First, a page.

• They might work now. I forced some of mine months after I got them. They like more heat than they’ll get from 5b in spring, I’m thinking. You never know though.

    • I just put the last few of mine in a glass container filled with glass rocks — I’ve been starting a few each week since November. They all had green shoots even when I bought them, but they still grow just fine as soon as you give them water and light. Easy peasy — go ahead and grow them.

  5. Will somebody please tell me where I can see a plant table?? I’ve seen the term enough now so that I want to see a picture of one. I’ve tried “the Google” with no luck. Elizabeth has just given me a better notion of what people are talking abut. Thanks Elizabeth.

    No, I do not want one of my own. I just want to be aware of what the heck people are talking about. Then I can disparage this “trend” appropriately. 🙂

    Thanks.

    • Try Pinterest – people are always posting impractical ideas like this, particularly on garden boards. So many ideas that are cute or interesting in the moment, but would not age well.

  6. I do have a few little gnomes that my daughter likes to hide in the flowers and foliage and move around. Rien Poortvliet’s book was magical for me as a girl, so I like to have a few sneaky guys. I think we’ll make some toadstools too. Great fun, but definitely NOT at all trendy. Ha! (Maybe they seem more stylish after a few cocktails in the garden?)

  7. I like gnomes — they’re the anti-garden-snob statuary, and they make me laugh (unless they’re the creepy, sinister-looking sort — I like the friendly-looking sort). 🙂

  8. Trends come & go … & who knows what will be “in” next year. In the meantime, my garden happily grows on without paying too much attention to them. I have lots of succulents, both in pots & in the ground, but none of them adorn (or overtake) a table!

  9. Thank you for stating how I feel about those ‘trends’, Elizabeth. The word ‘trend’ is highly overused when applied to things that are really more like a blip that should never have happened in the first place.

  10. I really don’t understand the whole Pantone colors-in-the-garden “trend”. So when new colors become trendy do you just rip out last year’s plants and put in more. I’ve got enough to keep me occupied in my garden without doing all that silliness. And I like my crazy, mixed-up so-called color scheme just fine.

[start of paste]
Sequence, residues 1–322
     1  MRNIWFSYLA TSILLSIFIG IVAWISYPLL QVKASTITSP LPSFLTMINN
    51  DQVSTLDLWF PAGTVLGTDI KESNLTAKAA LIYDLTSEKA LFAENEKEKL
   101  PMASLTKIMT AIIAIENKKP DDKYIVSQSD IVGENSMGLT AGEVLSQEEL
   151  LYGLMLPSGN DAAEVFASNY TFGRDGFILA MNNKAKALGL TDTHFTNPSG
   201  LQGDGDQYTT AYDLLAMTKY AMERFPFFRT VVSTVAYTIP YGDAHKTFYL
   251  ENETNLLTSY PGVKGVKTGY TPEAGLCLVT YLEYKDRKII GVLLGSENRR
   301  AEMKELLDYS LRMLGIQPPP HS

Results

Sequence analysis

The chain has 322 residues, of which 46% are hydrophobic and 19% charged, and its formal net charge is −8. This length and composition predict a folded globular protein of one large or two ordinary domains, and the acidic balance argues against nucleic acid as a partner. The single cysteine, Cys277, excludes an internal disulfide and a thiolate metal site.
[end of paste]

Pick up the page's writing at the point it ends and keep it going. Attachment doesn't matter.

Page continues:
Another trend I see is the use of tumbled glass “pebbles” for pathways, or instead of mulch around plants, etc. Don’t the folks who use that have to work pretty hard to keep it clean? I live in a somewhat dusty place, sure. But even if you don’t, doesn’t debris & dirt build up fairly fast? I hate dusting inside the house – I sure don’t want to start worrying about it outside!

  11. Brilliant! Gnomes always make me vaguely uncomfortable, but I did by a handful of little stone turtles to scattern in my flower beds last year for the neighbor kids to hunt for.

  12. Ah yes, ‘trends’ – aka a cunning plan by marketing bods to convince us we’ll all be behind that curve if we don’t embrace this new trend…..usually a good sales ploy, until they mentioned Gnomes and Succulent parties.

    Well sorry I like you, am quite happy to hide behind that curve and will happily maintain my old tried and trusted ‘TRENDS’ until they are fashionably retro!

    • Sigh. It might be better for the forests if nobody ever visited – if everything else were the same. But “development” and similar crimes against nature occur precisely because too many people feel no connection to nature. If it’s a park, it’s already invaded by people. Let’s teach more young people to love trees, fresh air, and walking, and maybe they’ll support this same park – and others – 30 years from now.

      Gnomes in my garden? No. But in the park, bringing in the kids, yes.

  13. Loved this! The “serious” stuff is never a trend–like water conservation and sitting on chairs (trendy or not) to have a cocktail. I’d also love to see Susan’s Grumpy Cat face and I’m applauding Laura Bell right now. I watch people install tumbled glass instead of grass and what do they do: go out and blow it!

  14. The only trend that I follow is to keep improving; which is often defined as editing. I have my own style and have the simple goal of better communicating that style — which embraces my garden guests.

    I do not quite agree with “cautious about having too many [art] objects.” In the first place, most “art” is acquired at a craft show — which should more accurately be called a “crap show”. It is extremely difficult to place too much high quality art in a garden setting. Of course, cost is usually the policing factor.